Tenants at legal risk – Shannon Davis

Tenants at legal risk – Shannon Davis

 

We have some news today that will have major ramifications for investors and property manages and could see some tenants getting into some legal difficulties. In today’s show we talk to Shannon Davis, from Image Property Management.

Transcript:

Kevin:  I mentioned at the start of the show about an issue that could have major ramifications for tenants, property owners, and property managers. A recent ruling handed down in the Supreme Court of Victoria could have serious repercussions for all of these people. The courts there had previously ruled that a tenant may not be in breach of their lease by offering the use of an entire property through Airbnb as a short-term rental.

We’ve spoken about Airbnb on a number of occasions on this show and always expressed a little bit of concern about it. I can see there are some great advantages for it, I’m not knocking the principle overall, but I think its use sometimes needs to be very carefully monitored as you’re going to hear.

When that decision was challenged by the owner, the courts overturned the original decision. So what are the ramifications for tenants, property owners, and property managers? In fact, the courts there ruled that the owner had the right to decide who was going to live in their property.

I want to get a little bit more information about this, and I always turn to one of our experts, Shannon Davis from Image Property Management, also Metropole Property Management. They do property management, as well.

Good day, Shannon.

Shannon:  Good day, Kevin.

Kevin:  I want to talk to you about Airbnb. Now, I’m not knocking the business itself, but I am expressing some concern about how it’s being used. Just give me a bit of background on this, Shannon.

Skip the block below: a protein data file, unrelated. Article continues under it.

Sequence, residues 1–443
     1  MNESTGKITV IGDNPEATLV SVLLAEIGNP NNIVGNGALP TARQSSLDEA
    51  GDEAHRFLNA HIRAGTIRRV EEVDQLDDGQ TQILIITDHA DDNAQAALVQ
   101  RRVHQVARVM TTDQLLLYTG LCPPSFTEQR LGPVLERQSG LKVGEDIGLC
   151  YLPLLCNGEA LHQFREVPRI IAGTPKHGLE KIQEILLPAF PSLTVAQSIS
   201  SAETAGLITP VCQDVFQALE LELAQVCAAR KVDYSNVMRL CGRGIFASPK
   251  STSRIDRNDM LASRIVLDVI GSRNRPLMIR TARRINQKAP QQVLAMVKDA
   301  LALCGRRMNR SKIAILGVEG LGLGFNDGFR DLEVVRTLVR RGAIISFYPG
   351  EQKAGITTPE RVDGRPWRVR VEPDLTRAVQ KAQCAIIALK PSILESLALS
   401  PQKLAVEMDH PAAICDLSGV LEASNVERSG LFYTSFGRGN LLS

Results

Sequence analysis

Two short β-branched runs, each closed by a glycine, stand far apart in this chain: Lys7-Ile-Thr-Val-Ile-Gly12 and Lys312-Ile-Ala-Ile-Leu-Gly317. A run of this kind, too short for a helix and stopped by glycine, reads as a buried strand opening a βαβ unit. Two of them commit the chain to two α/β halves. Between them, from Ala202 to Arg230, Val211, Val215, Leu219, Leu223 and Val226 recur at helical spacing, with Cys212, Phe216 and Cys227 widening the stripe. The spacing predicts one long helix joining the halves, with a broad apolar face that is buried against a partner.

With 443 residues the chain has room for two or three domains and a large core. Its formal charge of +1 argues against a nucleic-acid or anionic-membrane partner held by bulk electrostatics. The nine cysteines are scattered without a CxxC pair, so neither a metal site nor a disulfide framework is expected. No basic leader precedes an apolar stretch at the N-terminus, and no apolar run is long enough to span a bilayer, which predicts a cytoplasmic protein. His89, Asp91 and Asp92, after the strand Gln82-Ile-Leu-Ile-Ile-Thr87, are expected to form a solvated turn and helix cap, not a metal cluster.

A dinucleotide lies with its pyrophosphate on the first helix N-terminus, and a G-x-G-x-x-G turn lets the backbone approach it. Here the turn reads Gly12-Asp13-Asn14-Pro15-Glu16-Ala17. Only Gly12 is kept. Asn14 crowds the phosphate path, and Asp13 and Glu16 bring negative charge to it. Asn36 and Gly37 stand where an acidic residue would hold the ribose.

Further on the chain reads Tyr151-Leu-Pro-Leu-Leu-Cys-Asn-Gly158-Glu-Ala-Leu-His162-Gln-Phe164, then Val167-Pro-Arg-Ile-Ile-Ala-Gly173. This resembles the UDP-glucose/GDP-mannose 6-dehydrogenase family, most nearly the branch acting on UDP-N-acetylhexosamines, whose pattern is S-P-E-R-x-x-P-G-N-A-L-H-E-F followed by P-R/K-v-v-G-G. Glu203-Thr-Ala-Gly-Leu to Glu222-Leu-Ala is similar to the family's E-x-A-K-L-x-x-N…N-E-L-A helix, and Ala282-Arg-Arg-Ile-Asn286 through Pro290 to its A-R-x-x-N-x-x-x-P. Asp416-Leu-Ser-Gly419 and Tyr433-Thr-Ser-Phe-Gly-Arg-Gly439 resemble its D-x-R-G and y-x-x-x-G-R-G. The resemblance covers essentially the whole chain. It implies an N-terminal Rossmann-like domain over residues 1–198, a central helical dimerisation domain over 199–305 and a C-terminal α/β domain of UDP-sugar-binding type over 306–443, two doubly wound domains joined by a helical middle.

Shannon:  It’s another one of those share economies. They actually own no bricks and mortar, but they have some of the most accommodation in the world – so people’s spare bedrooms or the teenagers’ retreats being rented out as a pseudo-hotel for a short-term stay accommodation rates.

Kevin:  From a tenant’s point of view, this sounds like a great idea. This is like “Oh, wow, here’s an opportunity for me. I have a spare bedroom over here. I can maybe make a little bit of cash on the side by offering it up to somebody who might be travelling and make a bit of extra money,” but they don’t realize the ramifications of this and their legal requirements under the lease, do they?

Shannon:  Yes, definitely. I think it’s a victory for common sense that now the Supreme Court has turned it around. If you have permission from the landlord, then by all means, go ahead and turn a spare bedroom into a short-term stay, but surely, the decision remains the owners of the property and for its intended use. They could have chosen that Airbnb option themselves, but they’ve taken the secure, longer, and less cash flow option of a long-stay tenant.

Kevin:  As I see it, too, there are some other major ramifications that can come back on both the tenant, the property manager, but especially the owner when it comes to insurance. Now, if someone does actually come and live in the property, they’re not on the lease – so therefore they’re not legally there – and in the event that something happens – the place is burned down – as the fault of this person who’s been put in there through Airbnb, or they do a little bit of damage, what would happen to the insurance in that case?